OPI’s first foray into movie product integration can be seen in 2001’s Legally Blonde; Elle Woods (Reese Witherspoon) paints her nails with the brand’s polish during the opening scene. For 2003’s Legally Blonde 2: Red, White & Blonde, OPI upped the ante, rolling out a whole collection inspired by the sequel. Like HSN, OPI had to seek out partnership opportunities at the beginning, but that didn’t last long. “Now, the studios call to tell us what’s coming up and to see if we have interest,” Weiss-Fischmann says. “Or I’ll call up Disney and ask what’s on the calendar, and whether there’s anything OPI might fit into.”
Weiss-Fischmann estimates she’s overseen 15 different OPI movie tie-ins thus far. When asked for sales figures on the collections, she politely demurs. “Let me just put it this way: They have all outperformed our expectations,” she says. She mentions that OPI’s team-up with Breakfast at Tiffany’s, timed to the classic film’s rerelease in late 2016, was a particularly big hit. “It’s amazing how even millennials know Audrey Hepburn!” she laughs. “I remember asking my daughter if she knew who Audrey Hepburn was — she was like, ‘Of course I do, Mom!’ That’s how I knew we had a winner.”
When it comes to creating and executing these tie-ins, both Brand and Weiss-Fischmann say that keeping an open dialogue with the participating movie studio is key. For both HSN and OPI, the process typically begins a full year before a film’s release, to allow time for the brands’ creative teams to visit the set and go behind the scenes.
“We like to have access to the costume designer and the set designer, to capture exclusive interviews or content that we can place on all our platforms,” Brand says. “That way, yes, we’re selling product on TV — but on digital, you can watch trailers and behind-the-scenes content.” From there, HSN’s merchants and marketing teams gather to decide which brands would suit the partnership best. But does the studio have a say when it comes to the products themselves? “Sometimes they want to have input, but we work in sync,” Brand says. “Actually, if you ask anyone in the studio space, most of them have been to St. Petersburg, Florida, to our studios.”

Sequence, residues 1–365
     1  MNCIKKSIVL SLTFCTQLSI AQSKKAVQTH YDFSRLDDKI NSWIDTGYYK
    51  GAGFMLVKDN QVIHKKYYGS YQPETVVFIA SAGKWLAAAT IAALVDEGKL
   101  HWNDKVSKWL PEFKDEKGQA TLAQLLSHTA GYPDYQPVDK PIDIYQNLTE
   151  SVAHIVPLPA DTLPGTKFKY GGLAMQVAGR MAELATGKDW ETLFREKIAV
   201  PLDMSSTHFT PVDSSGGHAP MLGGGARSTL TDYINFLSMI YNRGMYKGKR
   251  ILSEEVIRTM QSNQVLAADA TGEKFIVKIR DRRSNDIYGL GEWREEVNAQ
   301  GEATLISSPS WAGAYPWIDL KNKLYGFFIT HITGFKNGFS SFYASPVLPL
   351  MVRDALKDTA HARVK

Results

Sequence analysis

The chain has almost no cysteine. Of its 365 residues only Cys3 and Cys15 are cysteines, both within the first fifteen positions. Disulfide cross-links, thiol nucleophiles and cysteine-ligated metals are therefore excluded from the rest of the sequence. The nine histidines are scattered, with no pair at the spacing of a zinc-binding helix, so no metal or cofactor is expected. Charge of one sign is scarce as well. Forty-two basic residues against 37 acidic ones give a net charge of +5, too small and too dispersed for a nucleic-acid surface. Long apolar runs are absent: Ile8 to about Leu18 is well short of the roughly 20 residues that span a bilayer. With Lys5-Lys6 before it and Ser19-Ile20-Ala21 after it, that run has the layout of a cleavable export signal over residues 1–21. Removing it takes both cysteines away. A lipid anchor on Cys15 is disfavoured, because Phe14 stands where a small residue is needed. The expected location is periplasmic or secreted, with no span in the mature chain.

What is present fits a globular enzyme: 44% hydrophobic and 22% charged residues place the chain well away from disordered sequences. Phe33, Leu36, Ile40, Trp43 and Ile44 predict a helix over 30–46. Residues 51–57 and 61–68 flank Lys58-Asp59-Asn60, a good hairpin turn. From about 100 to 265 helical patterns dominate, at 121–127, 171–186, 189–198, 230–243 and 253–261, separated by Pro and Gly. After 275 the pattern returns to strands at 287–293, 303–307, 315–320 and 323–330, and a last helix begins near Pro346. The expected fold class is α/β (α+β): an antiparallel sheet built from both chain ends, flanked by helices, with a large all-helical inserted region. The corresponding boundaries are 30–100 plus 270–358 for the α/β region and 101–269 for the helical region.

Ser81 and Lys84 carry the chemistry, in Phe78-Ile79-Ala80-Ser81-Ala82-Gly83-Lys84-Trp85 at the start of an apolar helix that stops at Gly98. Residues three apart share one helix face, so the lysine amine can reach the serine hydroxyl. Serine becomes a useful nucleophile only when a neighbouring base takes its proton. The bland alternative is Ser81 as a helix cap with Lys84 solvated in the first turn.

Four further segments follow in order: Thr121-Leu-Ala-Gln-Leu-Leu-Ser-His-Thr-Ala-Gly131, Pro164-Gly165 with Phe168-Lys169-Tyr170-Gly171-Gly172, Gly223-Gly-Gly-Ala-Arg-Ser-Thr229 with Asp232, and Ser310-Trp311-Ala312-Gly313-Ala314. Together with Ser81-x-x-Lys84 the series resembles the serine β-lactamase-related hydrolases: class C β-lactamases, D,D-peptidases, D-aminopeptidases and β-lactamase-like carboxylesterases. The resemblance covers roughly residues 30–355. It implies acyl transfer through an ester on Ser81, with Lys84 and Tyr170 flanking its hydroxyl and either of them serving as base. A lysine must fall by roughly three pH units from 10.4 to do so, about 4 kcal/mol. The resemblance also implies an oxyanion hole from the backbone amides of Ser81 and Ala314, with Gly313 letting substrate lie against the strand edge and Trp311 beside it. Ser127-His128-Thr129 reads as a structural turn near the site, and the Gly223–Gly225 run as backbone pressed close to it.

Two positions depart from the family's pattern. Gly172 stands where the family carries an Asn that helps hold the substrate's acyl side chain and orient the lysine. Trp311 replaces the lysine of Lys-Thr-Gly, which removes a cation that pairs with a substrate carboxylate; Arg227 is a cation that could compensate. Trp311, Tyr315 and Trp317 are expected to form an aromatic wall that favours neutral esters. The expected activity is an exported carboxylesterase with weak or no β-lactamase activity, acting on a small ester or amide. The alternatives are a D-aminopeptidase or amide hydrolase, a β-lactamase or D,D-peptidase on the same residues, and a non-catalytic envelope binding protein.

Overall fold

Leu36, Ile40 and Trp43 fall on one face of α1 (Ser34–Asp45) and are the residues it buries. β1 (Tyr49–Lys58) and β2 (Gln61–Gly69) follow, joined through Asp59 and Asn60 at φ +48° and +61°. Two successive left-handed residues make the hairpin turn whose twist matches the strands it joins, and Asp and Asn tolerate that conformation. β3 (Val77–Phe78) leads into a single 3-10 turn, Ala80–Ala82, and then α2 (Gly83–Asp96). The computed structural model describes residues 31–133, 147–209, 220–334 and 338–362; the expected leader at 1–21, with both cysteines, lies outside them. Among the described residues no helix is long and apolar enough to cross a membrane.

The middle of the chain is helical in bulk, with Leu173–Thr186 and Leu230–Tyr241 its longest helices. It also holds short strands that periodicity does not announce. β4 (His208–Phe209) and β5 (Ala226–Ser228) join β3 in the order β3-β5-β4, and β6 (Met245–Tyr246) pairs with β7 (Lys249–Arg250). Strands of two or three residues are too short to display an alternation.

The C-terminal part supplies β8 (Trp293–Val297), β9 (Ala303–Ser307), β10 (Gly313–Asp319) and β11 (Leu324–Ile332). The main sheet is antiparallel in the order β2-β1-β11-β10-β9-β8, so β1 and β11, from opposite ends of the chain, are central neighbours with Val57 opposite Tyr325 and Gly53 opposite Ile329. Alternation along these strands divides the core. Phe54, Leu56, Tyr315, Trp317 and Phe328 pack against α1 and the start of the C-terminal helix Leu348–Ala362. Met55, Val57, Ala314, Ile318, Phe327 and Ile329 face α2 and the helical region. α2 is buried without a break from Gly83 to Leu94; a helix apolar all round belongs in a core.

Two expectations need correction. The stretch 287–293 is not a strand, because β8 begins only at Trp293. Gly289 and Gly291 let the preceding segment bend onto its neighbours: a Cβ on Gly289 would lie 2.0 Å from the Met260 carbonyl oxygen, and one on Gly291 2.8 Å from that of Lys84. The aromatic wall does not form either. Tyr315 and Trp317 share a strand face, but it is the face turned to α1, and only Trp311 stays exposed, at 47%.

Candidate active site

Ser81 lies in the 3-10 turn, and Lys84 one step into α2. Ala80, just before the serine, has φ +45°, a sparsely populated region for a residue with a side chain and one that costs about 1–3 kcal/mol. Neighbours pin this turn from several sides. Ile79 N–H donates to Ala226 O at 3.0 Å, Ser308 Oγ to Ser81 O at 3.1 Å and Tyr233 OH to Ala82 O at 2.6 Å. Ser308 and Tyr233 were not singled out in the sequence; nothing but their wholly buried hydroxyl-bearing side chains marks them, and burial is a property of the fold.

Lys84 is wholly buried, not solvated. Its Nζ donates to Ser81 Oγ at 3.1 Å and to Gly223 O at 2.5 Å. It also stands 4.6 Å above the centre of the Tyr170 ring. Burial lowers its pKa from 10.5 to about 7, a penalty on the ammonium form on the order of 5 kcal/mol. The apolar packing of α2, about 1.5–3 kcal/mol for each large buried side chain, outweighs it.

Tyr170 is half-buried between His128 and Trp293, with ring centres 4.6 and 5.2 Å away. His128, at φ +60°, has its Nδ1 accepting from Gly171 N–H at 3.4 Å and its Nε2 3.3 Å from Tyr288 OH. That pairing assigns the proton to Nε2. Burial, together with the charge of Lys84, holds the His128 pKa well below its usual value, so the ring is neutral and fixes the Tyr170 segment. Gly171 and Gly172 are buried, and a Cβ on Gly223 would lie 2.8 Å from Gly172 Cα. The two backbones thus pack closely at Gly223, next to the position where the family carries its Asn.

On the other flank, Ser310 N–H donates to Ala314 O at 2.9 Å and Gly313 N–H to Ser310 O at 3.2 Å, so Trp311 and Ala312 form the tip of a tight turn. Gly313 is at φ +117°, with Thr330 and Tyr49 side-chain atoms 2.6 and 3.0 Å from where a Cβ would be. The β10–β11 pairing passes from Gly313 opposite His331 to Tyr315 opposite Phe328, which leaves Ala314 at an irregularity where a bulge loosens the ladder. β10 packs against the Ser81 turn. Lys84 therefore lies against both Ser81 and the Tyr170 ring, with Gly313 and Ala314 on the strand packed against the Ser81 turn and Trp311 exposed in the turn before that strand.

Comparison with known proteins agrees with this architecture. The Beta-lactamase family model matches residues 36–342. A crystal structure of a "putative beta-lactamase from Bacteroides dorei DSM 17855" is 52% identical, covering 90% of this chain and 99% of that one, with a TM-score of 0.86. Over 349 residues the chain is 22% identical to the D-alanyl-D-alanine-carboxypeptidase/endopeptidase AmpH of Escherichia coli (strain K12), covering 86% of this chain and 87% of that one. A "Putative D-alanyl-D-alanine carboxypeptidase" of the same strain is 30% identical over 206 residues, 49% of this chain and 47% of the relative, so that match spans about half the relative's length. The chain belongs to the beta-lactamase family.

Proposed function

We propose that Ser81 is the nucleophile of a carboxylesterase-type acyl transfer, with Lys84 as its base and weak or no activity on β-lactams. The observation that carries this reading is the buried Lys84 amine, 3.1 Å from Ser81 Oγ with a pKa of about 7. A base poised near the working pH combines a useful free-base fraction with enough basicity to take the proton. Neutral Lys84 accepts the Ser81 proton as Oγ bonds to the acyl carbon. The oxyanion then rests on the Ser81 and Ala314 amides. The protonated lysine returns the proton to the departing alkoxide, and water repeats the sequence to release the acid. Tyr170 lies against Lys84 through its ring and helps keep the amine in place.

For OPI, on the other hand, trips to the studio and set are more about gathering inspiration than content. “First, I go and see their inspiration boards, which is important because how I’m going to envision the colors that will work with the story, the costumes, and the scenery,” Weiss-Fischmann says. “Then, we come up with ideas for colors, get approval on those from the studio, and then we work on the names, get approval on those, then we work on the point-of-purchase displays. Everything is approved by the studio; it’s a total collaboration.”
But who’s the target audience when it comes to these tie-ins: Movie enthusiasts, or the brand’s own fans? According to both sources, loyal customers come first. Once a film’s hashtag starts trending, however, there’s a huge opportunity to attract new shoppers. “That’s when we leverage these partnerships — on social, on digital — to find fans of these movies,” Brand says. Getting influencers involved helps, too; to celebrate the launch of its Beauty and the Beast collaboration, for instance, HSN invited 200 Disney bloggers to Walt Disney World to preview the line and, of course, share on their social media platforms.
While fashion and beauty movie tie-ins may have hit critical mass with Beauty and the Beast — and occasionally proven controversial, as with HSN's The Help collaboration and CoverGirl's Capitol Couture makeup — don’t expect this trend to slow down anytime soon. They’ve clearly proven successful time and time again for brands with mass appeal like HSN and OPI, but even luxury retailers like Tiffany & Co. (which did a Great Gatsby collection in 2013) and Net-a-Porter (which offered clothing tied to The Hunger Games: Catching Fire that same year) are on board.
And as long as these launches continue to drive women to the movie theater, studios will stay happy — particularly as the costs of traditional movie marketing continue to rise. Plus, all the TV ads and billboards in the world might not be enough to convince your friends to catch the new Pirates of the Caribbean sequel — but say you choose OPI’s Skull & Glossbones the next time you get a manicure. “If someone then asks you what polish you’re wearing,” Weiss-Fischmann says, “that’s an amazing advertisement!”